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Twitter Along with UnBeige

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Famed literary critic Lionel Trilling once described Henry James as a “social twitterer.” Sure, he meant it as an insult, but it makes us feel better about having jumped on the microblogging bandwagon. Look to the official UnBeige Twitter feed, for up-to-the-minute newsbites, event snippets, links of interest, design trivia, and free candy (OK, we’re still working on the physics of that last one). The Mediabistro tech wizards have added to the sidebar at right a handful of our most recent word bursts, but you can sign up to follow all of our twittering here.

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Smithsonian Displays 3D-Printed Bust of President Obama

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Watch out, Madame Tussaud’s: the Smithsonian is stocking up on strikingly lifelike likenesses. President Obama is the subject of the first presidential portraits created from 3D scan data, and the works–including a 3D-printed bust and life mask–are on display through December 31 in the Smithsonian Castle’s Commons gallery. To create the eerily accurate bust, a Smithsonian-led team thoroughly scanned the President earlier this year using a Light Stage face scanner (courtesy of the University of Southern California’s Institute for Creative Technologies), handheld 3-D scanners, and traditional single-lens reflex cameras. The data and the printed models are part of the collection of the Smithsonian’s National Portrait Gallery, where they join less high-tech life masks, including one of George Washington created by Jean-Antoine Houdon and two of Abraham Lincoln created by Leonard Wells Volk (1860) and Clark Mills (1865).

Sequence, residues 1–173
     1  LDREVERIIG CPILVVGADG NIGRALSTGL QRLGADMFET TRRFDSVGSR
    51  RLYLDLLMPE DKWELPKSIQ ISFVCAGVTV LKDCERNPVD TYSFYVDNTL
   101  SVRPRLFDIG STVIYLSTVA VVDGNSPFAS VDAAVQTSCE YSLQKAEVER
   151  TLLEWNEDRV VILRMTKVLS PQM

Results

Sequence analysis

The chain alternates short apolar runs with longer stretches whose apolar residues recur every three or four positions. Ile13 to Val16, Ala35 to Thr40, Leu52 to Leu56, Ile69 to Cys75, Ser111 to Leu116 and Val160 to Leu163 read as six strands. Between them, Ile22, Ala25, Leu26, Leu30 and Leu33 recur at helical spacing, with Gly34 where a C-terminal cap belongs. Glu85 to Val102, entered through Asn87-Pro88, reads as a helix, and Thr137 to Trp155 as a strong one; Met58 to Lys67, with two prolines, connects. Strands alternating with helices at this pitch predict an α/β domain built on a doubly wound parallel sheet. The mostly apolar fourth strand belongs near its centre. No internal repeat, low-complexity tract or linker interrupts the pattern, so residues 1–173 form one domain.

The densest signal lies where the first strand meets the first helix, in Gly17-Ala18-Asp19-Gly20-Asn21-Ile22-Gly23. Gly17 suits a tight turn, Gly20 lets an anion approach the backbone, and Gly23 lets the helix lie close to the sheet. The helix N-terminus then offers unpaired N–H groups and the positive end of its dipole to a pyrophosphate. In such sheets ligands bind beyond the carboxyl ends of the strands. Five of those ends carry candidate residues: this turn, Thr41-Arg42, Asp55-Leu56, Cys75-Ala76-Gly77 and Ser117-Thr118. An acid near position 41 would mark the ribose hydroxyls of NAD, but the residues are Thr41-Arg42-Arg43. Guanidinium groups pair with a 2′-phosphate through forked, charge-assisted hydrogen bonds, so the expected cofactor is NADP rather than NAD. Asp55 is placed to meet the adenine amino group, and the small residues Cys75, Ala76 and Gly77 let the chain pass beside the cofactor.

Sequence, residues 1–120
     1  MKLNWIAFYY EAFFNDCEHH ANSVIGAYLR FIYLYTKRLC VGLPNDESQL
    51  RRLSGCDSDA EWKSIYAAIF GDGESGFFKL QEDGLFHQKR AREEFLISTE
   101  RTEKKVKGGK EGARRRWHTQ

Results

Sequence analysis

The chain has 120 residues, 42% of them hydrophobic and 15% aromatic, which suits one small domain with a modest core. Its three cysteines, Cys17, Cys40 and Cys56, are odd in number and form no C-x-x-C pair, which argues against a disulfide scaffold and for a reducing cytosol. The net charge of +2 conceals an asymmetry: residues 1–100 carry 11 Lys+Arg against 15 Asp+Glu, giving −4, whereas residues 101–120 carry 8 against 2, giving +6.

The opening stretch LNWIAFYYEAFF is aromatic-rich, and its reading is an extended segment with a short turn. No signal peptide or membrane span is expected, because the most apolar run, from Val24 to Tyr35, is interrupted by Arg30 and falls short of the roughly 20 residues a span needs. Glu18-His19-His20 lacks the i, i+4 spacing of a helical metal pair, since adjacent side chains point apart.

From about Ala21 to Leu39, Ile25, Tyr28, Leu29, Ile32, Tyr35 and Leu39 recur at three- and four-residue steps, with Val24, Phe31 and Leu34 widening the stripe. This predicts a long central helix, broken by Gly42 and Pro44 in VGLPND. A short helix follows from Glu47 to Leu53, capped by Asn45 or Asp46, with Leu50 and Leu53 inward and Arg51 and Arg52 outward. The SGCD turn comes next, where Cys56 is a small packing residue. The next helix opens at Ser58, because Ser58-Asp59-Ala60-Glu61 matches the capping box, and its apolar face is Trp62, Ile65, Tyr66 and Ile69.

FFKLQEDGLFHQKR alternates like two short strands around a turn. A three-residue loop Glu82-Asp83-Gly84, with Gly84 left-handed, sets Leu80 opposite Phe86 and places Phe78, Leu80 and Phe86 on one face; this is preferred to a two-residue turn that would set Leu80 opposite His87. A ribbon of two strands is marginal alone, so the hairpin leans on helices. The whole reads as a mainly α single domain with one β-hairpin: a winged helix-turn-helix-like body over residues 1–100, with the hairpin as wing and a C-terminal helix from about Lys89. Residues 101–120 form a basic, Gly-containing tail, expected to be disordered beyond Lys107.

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Quote of Note | John Currin

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Detail from Gustave Courbet, Apples, Pears, and Primroses on a Table, 1871-1872.

“I’ve always had this thing about yellow—I don’t like cadmium yellow. I always liked chrome yellow instead of cadmium, which are real bright, chemical-looking yellows, and they weren’t really available to painters before 1870, 1850. So I thought, it’s tacky. It’s like a polyester shirt to use those yellows. And then I was just looking at this Courbet still life and it’s filled with chrome yellow and chemical yellows. So I’m starting to realize that this whole thing about being genuine and authentic is ridiculous. And I’m not conscientious or methodical enough to work that way.”

-Artist John Currin in his recent conversation with James Cuno, president and CEO of the J. Paul Getty Trust, at the Getty Center. Watch a video of their entire talk below.
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Moleskine Goes Red to Fight AIDS